Scarlett Johansson as a predatory alien in Scotland in Under The Skin got a lukewarm reception at the Venice Film Festival where the film premiered on Tuesday.
Booing followed the customary applause after a press screening of Under The Skin, a comeback for British director Jonathan Glazer, known for the 2004 picture Birth.
Described as “an undeniably ambitious but ultimately torpid and silly tale of an alien on the prowl” by trade magazine Variety, Under The Skin is one of 20 new films in competition for a prestigious Golden Lion at the 70th annual festival.
Not all reviews of the film were negative, however, with British broadsheet The Telegraph calling it “astonishing”, adding the film “will leave you at once entranced and terrified”.
Speaking to Reuters Television the day after the film’s world premiere Johansson said the film was always going to be polarising.
She, too, had needed a few weeks to get the grasp of her character and the story, Johansson said.
“It was an interesting challenge and it kind of found itself as we took a couple of weeks to kind of understand what, okay, this is my intention, this is going to be, you know, I kind of carved something, carved a performance out of the experience,” she said.
“You know but the film I think, it is very polarising and you know, I don’t think, as much as we hope that people enjoy the film, I think that, particularly Jonathan, expects this film to go on many different types of reactions because it is sort of an experience more than anything else to watch it,” she said.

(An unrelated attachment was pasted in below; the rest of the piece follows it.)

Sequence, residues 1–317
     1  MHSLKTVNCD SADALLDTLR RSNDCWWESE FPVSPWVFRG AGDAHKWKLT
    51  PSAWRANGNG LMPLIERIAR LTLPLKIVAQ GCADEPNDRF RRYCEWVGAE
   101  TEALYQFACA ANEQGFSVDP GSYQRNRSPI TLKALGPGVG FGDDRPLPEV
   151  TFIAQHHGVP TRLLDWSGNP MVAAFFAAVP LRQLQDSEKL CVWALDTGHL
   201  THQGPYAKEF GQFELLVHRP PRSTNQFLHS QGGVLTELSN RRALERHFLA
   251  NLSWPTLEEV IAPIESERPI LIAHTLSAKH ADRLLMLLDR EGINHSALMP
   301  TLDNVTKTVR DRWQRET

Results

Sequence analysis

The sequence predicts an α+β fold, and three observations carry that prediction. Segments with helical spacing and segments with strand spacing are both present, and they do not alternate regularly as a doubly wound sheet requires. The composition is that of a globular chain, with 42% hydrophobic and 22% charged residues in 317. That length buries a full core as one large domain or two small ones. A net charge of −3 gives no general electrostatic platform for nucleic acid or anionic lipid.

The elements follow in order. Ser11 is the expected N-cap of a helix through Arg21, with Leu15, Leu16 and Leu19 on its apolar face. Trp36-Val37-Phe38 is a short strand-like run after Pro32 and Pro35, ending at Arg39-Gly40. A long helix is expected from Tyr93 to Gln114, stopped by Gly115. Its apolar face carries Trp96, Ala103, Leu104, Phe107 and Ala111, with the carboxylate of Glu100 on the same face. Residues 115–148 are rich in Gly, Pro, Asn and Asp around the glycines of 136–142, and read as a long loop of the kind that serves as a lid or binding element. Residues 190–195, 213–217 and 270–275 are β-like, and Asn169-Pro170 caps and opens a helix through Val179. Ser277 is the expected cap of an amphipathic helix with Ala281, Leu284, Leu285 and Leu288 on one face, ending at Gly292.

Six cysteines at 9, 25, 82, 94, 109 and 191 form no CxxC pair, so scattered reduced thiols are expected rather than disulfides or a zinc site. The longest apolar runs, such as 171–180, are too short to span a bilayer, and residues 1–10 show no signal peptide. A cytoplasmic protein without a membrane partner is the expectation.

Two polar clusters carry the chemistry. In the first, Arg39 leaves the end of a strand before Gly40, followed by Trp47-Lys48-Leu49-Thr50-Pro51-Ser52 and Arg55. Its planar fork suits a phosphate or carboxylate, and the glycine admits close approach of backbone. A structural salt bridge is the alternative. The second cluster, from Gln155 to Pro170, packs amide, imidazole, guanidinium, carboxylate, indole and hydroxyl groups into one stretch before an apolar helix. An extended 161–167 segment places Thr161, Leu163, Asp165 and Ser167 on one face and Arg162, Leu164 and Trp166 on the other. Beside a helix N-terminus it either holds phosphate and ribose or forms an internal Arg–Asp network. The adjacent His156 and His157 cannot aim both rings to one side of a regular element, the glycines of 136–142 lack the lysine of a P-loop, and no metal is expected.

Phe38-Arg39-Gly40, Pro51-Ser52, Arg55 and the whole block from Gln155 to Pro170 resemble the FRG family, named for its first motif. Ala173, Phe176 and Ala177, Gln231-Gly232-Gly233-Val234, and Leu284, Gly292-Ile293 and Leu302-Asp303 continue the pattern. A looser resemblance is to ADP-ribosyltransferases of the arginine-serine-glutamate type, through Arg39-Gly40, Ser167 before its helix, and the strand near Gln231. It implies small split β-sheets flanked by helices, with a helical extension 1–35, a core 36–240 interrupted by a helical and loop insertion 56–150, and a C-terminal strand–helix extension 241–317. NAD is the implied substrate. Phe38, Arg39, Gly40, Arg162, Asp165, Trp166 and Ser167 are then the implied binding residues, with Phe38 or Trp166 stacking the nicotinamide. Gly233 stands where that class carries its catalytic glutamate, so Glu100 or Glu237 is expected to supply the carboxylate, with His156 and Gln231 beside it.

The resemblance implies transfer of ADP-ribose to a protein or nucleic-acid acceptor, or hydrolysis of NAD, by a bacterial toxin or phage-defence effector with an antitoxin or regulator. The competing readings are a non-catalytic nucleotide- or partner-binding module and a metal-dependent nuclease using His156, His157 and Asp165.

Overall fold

For Under The Skin Johansson as the alien Laura was filmed in real-life settings, including a shopping centre and a street in a drizzly Scottish town, surrounded by members of the public.
Laura drives around in a white van, stopping to chat coyly with young men in a cut-glass English accent.
Her mysterious beauty prompts one of the men she meets to comment, in a strong Scottish accent, that she reverses the trope of the creepy male motorist picking up female hitchhikers.
Johansson spends much of the film in the nude or in her underwear.
“You know, I’m not a nudist by nature. I think like everybody I have a lot of feelings of self-consciousness but you know, I couldn’t be self-conscious, I think, I had to just let all of that kind of judgements of my own self settle and sort of fade away and it was challenging. But I think with a partner like Jonathan it really helped because I knew that he was watching my performance and that’s what he was really looking for as opposed to gratuitous nudity or something like that which hopefully the audience sees the intention behind the movie,” she said.
Johansson said she had seen the film for the first time on Tuesday when it premiered in Venice and watching it together with the audience had left her feeling exposed.
“Well, it was horrible because I had this awful chair that was, you know, there was nobody in front of me, I was on a kind of a mezzanine or something and not only did I feel vulnerable watching the movie but I was just sitting there like this kind of sitting duck watching all over the audience and I could see people kind of..their different reactions. It was strange. I think that’s the last time I’ll watch this movie with an audience, it’s too naked literally and also figuratively of myself,” she said.
In an interview in the October issue of Harpers Bazaar, Johansson reportedly hints at being interested in getting into politics.
The Hollywood star who started acting at a young age said she did not want to limit herself and had always been attracted to opportunities to be a public advocate.
“I think, like I said in the interview I try not to rule out possibilities, I’m 28 years old, I have many interests and I certainly, you know, I think the opportunity to be a public advocate has always been something that’s attractive to me, how that, which path that interest leads me down…it can take many turns so you know I would never limit my, the possibilities of that, no, you know,” she said.
Under The Skin will also screen at the Toronto International Film Festival which kicks off on Thursday.